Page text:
Joan Francis is a licensed private investigator and owner of Francis Pacific Investigations. She has also worked as a librarian and a newspaper reporter and says each of these jobs is just a different method for doing the same task: providing information. She spent her childhood in small mining towns and camps in the western United States and in South America with her two sisters, mother, and mining engineer father. Moving from place to place as her father opened up new mine sites, she attended fifteen schools before graduating with a B.A. in history from the University of Washington in Seattle. Married with three grown children, she and her husband now live in a secluded valley of the Tehachapi Mountains.
In 1949 five priceless works of art were hidden somewhere en route between Los Angeles Harbor and New York harbor. Now, Diana Hunter must decode her Uncle Bennett’s cryptic notes, search every port of call, and find the hidden art or she, her father, and her friends will all die.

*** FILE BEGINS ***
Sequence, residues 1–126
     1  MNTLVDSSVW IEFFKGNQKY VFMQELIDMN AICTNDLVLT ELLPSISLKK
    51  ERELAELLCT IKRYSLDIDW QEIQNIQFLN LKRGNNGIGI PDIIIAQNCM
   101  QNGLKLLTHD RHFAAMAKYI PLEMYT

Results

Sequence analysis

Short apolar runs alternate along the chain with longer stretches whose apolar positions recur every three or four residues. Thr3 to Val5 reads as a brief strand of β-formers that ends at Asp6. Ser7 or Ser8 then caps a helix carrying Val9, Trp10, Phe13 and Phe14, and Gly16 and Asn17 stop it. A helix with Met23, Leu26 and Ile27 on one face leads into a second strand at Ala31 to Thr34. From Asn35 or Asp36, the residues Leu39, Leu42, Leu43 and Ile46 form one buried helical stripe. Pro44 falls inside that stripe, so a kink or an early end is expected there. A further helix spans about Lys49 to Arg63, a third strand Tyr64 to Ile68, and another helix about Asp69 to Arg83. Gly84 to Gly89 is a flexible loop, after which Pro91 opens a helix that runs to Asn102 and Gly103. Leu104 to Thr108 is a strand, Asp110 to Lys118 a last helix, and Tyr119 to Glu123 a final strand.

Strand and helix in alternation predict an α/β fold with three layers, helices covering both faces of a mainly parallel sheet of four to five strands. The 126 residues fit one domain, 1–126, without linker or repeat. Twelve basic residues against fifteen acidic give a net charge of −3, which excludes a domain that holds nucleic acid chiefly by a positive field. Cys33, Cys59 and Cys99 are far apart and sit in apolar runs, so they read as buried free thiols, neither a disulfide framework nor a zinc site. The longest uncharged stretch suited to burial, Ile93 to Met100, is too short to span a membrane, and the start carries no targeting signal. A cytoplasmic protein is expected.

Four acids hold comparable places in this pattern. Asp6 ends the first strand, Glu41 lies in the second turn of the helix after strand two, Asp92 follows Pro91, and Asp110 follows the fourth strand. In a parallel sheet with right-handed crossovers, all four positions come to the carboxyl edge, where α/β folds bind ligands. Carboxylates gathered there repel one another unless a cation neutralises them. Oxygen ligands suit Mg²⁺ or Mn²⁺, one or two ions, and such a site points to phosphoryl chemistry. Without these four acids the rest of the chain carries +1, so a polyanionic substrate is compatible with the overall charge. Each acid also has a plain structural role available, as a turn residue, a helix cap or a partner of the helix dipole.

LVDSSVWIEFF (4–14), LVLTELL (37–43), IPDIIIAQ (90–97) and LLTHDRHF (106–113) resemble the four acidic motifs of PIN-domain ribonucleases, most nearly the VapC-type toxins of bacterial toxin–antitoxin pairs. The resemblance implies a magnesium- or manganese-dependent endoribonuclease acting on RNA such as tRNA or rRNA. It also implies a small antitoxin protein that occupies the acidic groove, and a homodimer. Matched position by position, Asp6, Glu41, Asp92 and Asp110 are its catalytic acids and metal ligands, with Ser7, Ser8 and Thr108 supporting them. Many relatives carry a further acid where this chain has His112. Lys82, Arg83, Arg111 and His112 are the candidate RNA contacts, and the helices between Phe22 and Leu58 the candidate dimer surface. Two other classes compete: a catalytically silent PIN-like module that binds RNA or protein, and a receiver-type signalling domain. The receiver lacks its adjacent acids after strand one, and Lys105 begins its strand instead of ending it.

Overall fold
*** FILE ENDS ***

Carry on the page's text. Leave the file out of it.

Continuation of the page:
Hired by corporate titan Maude McCollvoy, PI Diana Hunter finds herself in world where Corporate power trumps the law and Corporatocracy Rules. Though she uncovers crimes of secret foreign investment, hidden money and tax fraud she can find no legal remedy. With her life on the line, she and associate Nelson Langly must take extraordinary measures to find justice.
When private investigator Diana Hunter inherits her Uncle Bennett’s hidden fortune, she also gets his stash of secret files and his enemies. Branded a terrorist suspect under Patriot Act rules and pursued by a shadow organization, Diana is legally defenseless. She realizes she can only save herself by learning about Bennett's double life which began in Germany when Hitler seized power in 1933.
When environmentalist Evelyn Lilac is murdered, Private investigator Diana Hunter begins a dangerous journey from California to New Mexico and finally to the Costa Rican rain forest. Her investigation turns up secrets regarding global warming, corporate greed, and a deadly alternative fuel which could make the Earth as dry and lifeless as Mars.